Thread: Ueshiba's Aiki
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Old 11-08-2011, 11:44 AM   #42
Join Date: Jan 2005
Posts: 1,996
Re: Ueshiba's Aiki

Ken McGrew wrote: View Post
As requested I have read back to the beginning of posts by Mark, Chris, and HD. Go back far enough and you find Mark and HD disagreeing about the nature of ukemi. Now it seems that Mark is a convert.
Mr. McGrew,

I have about 1700 posts. Dan has about 2500. Let's be conservative and say half of them are off topic. That leaves 800 and 1200 posts amid, oh, let's say 200 threads. That's just the two of us. There were a few more main participants (Rob John, Mike Sigman, etc) which could double the above count.

Are you saying that between the time I posted on Nov 6th and today, you have read all those threads and posts? Because, personally, from your recent post, it really doesn't seem like it.

Ken McGrew wrote: View Post
From the beginning HD has been arguing that Aikido practitioners don't know how to defend themselves and that, though he doesn't train Aikido, that he knows true Aikido. Without clearer language and description it will be difficult to determine the extent to which what he is doing is Aikido, or some other art, or to judge his understanding of Aikido. We do find hints, however, that suggest a lack of understanding of the basic conception of Aikido.
Speaking of ... in your website on Aikido history, you have this:

Ken McGrew wrote:
As a young man, Ueshiba trained in many forms of martial arts, always striving to increase his ability and to become stronger. At the same time he was drawn to various ascetic and spiritual practices. At one point after easily defeating an army officer who challenged him with a wooden sword while he himself was unarmed, Ueshiba had an enlightenment experience in which he felt himself to be one with the universe. Out of this experience emerged a new art which Ueshiba named "Aikido," which means "the way of harmony with universal energy."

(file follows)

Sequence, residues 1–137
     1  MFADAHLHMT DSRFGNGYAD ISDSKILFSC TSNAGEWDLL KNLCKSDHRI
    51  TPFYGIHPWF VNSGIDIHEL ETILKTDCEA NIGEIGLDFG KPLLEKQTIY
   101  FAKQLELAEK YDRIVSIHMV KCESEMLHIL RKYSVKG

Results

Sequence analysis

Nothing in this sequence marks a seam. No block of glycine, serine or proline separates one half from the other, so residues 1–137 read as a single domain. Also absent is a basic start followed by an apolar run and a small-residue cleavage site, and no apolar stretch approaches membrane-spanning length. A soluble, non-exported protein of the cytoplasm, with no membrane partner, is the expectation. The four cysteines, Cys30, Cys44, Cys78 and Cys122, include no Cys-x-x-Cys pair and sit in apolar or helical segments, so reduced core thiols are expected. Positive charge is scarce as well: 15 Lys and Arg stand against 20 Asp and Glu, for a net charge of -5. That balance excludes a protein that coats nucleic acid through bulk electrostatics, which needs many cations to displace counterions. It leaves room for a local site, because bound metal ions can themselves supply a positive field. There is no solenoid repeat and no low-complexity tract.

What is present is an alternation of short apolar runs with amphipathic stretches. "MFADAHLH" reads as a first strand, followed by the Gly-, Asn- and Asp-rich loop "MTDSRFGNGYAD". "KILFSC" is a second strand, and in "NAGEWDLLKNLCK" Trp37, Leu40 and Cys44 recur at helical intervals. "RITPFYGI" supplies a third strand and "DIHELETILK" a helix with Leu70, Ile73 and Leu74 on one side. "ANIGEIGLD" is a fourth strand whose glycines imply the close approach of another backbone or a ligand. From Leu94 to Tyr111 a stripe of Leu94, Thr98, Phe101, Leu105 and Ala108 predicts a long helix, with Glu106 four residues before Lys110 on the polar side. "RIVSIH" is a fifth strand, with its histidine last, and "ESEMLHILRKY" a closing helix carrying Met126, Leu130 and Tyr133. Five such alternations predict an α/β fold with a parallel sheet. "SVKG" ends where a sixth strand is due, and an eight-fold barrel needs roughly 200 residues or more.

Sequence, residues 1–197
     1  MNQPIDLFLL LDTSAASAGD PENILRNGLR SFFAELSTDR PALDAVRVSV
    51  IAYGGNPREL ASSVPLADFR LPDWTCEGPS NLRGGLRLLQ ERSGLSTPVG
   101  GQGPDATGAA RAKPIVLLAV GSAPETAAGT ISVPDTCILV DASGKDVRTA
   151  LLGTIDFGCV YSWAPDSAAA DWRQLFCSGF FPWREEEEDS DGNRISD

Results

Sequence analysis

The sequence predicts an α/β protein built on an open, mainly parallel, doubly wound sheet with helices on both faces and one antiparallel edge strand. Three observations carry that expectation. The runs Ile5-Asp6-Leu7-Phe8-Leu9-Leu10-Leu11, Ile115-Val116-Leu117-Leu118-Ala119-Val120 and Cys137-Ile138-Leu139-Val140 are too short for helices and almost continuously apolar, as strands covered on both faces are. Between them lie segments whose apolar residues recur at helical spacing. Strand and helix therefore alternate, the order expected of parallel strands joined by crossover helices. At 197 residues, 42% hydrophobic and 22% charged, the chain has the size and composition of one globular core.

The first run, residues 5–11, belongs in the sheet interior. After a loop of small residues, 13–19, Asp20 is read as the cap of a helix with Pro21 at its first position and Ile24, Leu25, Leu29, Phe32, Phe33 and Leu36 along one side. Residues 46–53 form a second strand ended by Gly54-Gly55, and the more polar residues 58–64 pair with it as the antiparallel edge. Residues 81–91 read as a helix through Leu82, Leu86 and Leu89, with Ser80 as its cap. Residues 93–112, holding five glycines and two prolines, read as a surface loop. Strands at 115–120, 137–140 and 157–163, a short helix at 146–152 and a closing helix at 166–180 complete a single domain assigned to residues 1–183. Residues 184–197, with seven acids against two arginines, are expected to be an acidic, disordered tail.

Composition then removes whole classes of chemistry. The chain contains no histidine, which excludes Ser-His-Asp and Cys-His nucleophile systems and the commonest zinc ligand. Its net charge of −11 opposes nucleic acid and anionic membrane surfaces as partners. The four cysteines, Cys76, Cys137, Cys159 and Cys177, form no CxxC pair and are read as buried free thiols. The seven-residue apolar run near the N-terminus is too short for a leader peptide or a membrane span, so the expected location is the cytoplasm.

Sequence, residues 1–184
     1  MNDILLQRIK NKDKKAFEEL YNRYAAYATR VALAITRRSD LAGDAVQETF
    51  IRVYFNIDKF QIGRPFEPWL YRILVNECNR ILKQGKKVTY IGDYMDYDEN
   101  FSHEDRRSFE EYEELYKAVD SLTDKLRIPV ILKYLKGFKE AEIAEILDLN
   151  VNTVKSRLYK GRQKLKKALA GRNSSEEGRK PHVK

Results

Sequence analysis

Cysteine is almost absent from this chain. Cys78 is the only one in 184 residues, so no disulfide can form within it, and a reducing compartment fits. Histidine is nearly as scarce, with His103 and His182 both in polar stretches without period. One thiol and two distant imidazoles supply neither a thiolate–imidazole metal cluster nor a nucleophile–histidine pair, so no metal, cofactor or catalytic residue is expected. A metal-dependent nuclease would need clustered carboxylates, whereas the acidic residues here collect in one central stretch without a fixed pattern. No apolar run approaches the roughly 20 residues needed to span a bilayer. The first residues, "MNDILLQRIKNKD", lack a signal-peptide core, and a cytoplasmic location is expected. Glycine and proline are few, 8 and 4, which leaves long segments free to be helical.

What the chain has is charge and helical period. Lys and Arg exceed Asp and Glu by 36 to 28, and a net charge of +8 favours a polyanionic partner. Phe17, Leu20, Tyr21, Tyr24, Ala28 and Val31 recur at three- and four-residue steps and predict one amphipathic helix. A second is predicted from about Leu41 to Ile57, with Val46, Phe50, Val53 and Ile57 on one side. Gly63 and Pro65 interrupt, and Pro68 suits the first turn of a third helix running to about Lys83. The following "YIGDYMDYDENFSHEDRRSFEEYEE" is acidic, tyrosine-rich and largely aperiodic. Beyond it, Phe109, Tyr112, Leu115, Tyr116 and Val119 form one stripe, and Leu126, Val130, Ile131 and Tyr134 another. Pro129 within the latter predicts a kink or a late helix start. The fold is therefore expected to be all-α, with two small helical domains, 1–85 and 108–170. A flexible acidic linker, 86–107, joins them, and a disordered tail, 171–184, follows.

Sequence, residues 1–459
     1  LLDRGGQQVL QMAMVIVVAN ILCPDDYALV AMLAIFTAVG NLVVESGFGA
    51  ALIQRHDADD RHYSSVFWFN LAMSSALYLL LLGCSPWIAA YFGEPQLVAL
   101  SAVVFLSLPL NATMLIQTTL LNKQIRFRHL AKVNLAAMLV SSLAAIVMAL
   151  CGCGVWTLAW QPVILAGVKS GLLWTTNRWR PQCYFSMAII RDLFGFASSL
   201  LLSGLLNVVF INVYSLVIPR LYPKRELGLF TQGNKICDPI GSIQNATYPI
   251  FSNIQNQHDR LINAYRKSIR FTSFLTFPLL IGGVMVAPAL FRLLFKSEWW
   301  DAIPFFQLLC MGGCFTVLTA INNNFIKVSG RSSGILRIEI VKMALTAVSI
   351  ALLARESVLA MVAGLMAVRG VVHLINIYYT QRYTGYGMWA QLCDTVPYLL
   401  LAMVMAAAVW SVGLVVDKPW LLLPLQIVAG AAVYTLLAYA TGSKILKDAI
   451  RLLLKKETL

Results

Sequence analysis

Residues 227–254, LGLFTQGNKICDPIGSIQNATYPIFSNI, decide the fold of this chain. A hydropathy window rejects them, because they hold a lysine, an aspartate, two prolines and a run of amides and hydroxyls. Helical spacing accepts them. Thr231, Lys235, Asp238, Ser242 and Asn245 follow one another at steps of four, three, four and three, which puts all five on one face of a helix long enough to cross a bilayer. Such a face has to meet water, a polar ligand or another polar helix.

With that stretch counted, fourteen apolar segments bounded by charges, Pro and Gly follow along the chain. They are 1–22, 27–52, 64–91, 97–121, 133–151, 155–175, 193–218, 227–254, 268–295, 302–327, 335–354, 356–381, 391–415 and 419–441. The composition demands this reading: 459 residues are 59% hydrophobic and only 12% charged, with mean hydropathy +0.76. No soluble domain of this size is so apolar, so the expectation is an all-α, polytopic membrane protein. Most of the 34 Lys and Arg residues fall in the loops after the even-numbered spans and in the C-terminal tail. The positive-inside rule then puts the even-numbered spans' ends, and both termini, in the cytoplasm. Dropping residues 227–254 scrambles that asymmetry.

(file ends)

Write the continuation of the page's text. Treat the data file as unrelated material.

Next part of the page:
According to Stan Pranin's extensive research, the above is really not true. Ueshiba did not train in many forms of martial arts. And those few he did study were short lived. His one, main art that he trained was Daito ryu.

Also, it was not out of that experience you describe which created Aikido and in fact, Ueshiba never named his art but just acknowledged his acceptance of the name.

Then, there's this section from your web site:

Ken McGrew wrote:
Before World War II, Aikido was practiced by only a few people. One needed an introduction even to be considered for admittance as a student. But with the lesson of war fresh in his mind, Ueshiba opened the practice of Aikido to the general public in the late 1940's, hoping that his art might help to contribute to greater social and personal harmony.
It was Kisshomaru Ueshiba who opened the practice of Aikido up to the general public, not Morihei. In fact, when Kisshomaru suggested a public demonstration, he feared his father would fly off in a rage at the notion. Instead, Morihei handed Tokyo hombu over to his son and Kisshomaru took things from there to a worldwide audience.

From there, it would be hard to have a conversation about aikido with someone who has ideas that are opposite historical facts. Stan Pranin has a subscription in which you can get a DVD with all the back issues of Aiki News/Aikido Journal. I would suggest starting there and reading through them.

If you don't wish to do that, then perhaps you should attend a seminar with Bill Gleason and have a long talk with him. Bill has the background, skills, and ability to help you understand aikido history, theory, spiritual ideology, and aiki.